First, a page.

ap style part 3
Download
Skip this Video
Download Presentation
AP style, part 3

Loading in 2 Seconds...

play fullscreen
1 / 16

AP style, part 3 - PowerPoint PPT Presentation


  • 80 Views
  • Uploaded on

AP style, part 3. Abbreviations and acronyms. In general. Acronym – A word or construction formed from the first letter or letters of a series of words. Do not use abbreviations or acronyms that the reader would not quickly recognize. . Abbreviate before a name.

loader
I am the owner, or an agent authorized to act on behalf of the owner, of the copyrighted work described.
capcha
Download Presentation

PowerPoint Slideshow about ' AP style, part 3' - shepry


An Image/Link below is provided (as is) to download presentation

Download Policy: Content on the Website is provided to you AS IS for your information and personal use and may not be sold / licensed / shared on other websites without getting consent from its author.While downloading, if for some reason you are not able to download a presentation, the publisher may have deleted the file from their server.


- - - - - - - - - - - - - - - - - - - - - - - - - - E N D - - - - - - - - - - - - - - - - - - - - - - - - - -
Presentation Transcript
ap style part 3

AP style, part 3

Abbreviations and acronyms

in general
In general
  • Acronym – A word or construction formed from the first letter or letters of a series of words.
  • Do not use abbreviations or acronyms that the reader would not quickly recognize.
abbreviate before a name
Abbreviate before a name
  • Some titles when used before a name. Military and political titles, as we discussed last week – Gov., Lt. Gov., Rep., Sen., Lt. Gen. See military titles entry.
  • Religious titles – the Rev. The word “the” is always used before Rev. in that construction. See religious titles entry.
abbreviate cont
Abbreviate, cont.
  • After using a title the first time, you just refer to the person by their last name for the rest of the story.For example: The Rev. John Anderson spoke at the stadium. Anderson was invited by several campus groups.
abbreviate after a name
Abbreviate after a name
  • Abbreviate the junior or senior when used after a name. For example: Ken Griffey Jr. (Also - no need for a comma before the Jr.)
  • Abbreviate company, corporation, incorporated or limited when used after the name of a corporate entity.For example: Ford Motor Co. McDonald’s Corp. See company names in the stylebook for many, many examples.
academic degrees
Academic degrees
  • In some cases, academic degrees are abbreviated when used after a person’s name. But it is preferred to use a phrase such as: John Jones, who has a doctorate in psychology.
  • Use abbreviations such as B.A., M.A., LL.D and Ph.D. only when the need to identify many individuals by degree on first reference would make the preferred form cumbersome.
academic degrees cont
Academic degrees, cont.
  • Use those abbreviations only after a full name – never with just a last name.
  • Do not precede a name with a courtesy title for a degree and follow the name with the abbreviation for the degree. That is redundant.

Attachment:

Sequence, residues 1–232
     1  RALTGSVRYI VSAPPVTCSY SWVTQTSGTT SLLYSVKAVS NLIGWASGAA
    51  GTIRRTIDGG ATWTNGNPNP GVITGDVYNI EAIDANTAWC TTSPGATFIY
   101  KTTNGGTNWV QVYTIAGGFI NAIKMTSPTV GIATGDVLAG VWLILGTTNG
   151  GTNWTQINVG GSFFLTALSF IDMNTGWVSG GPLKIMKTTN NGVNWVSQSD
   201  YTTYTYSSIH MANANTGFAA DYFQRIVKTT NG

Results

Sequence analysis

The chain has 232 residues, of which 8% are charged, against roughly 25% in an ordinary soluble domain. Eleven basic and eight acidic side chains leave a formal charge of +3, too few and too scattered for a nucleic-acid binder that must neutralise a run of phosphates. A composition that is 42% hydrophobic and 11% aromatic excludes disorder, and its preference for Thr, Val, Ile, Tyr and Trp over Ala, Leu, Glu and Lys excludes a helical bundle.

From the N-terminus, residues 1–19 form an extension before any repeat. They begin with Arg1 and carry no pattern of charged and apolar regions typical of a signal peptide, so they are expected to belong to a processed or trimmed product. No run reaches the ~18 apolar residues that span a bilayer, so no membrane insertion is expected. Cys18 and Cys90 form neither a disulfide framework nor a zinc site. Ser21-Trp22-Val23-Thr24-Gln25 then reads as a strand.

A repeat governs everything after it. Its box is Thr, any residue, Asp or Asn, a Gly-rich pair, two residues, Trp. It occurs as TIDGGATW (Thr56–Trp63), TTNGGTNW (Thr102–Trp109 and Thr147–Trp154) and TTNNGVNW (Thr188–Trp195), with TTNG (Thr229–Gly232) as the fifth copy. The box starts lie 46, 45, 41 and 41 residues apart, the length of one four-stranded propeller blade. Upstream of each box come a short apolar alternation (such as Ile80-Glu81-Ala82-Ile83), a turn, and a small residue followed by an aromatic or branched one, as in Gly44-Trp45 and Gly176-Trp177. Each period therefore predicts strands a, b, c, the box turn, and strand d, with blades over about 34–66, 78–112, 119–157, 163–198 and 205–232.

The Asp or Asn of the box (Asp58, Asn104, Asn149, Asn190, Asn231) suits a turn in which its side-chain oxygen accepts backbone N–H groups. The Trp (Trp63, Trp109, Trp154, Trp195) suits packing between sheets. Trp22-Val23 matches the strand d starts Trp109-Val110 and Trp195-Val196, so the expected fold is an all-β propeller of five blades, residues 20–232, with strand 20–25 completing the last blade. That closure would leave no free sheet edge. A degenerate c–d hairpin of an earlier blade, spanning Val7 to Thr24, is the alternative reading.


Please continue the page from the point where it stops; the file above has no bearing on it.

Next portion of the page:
• See academic degrees entry in the stylebook for all the fun details.
dates and times
Dates and times
  • For years, when necessary, use A.D. and B.C.
  • For times, use a.m. and p.m. Always lowercase.
  • Use No. to indicate a room number.
  • The above abbreviations are only used with figures. If you have general use, it is morning, night, number, etc. For example: 450 B.C.; at 9:30 a.m.; room No. 416; early this morning he asked for the number of your room.
addresses
Addresses
  • Abbreviate avenue, boulevard, and street only when used with specific numbered addresses. For example: The store on Washington Street. The store at 142 Washington St.
  • Never abbreviate any other word that refers to an address, like road, alley, terrace, trail, etc.
well known organizations
Well-known organizations
  • Some organizations are so well known that we can refer to them by their initials in all references.
  • FBI, CIA, NCAA, ABC.
  • Some other abbreviations are so well known that we can use them in all references.
  • PDF, PDA, JPEG, RAM
not as well known organizations
Not as well-known organizations
  • We can use abbreviated titles to refer to other groups on second reference. When they are first mentioned in a story, spell out the title, then in other references, use the abbreviated title.
  • Don’t follow the group’s name with an abbreviation or acronym right after the name in parentheses or set off by dashes. Simply use it on the second and subsequent references.
for example
For example
  • DO NOT DO THIS: The Michigan Press Association (MPA) scholarship is available to students throughout the state.
  • How we do it: The Michigan Press Association scholarship is available to students throughout the state.The MPA has offered the scholarship since 1972.
periods or not
Periods or not?
  • Generally, we don’t use periods in acronyms unless the result would spell an unrelated word.
  • Use periods in most two-letter abbreviations: U.S., U.K., B.C., U.N.
  • AP, a trademark for the Associated Press, does not use periods. Also, GI and EU do not use periods.
periods or not continued
Periods or not? continued
  • Use all caps, but no periods, for longer abbreviations when all the letters are pronounced: ABC, CIA, FBI, NCAA
  • Use an initial capital letter and then lowercase for acronyms of more than six letters, unless listed otherwise in the stylebook or dictionary.
  • For example: laser, radar.
remember
Remember
  • If you wonder about any of these – or any other references – look them up in the stylebook.
  • Can’t find the answer there? Look in the dictionary.
ad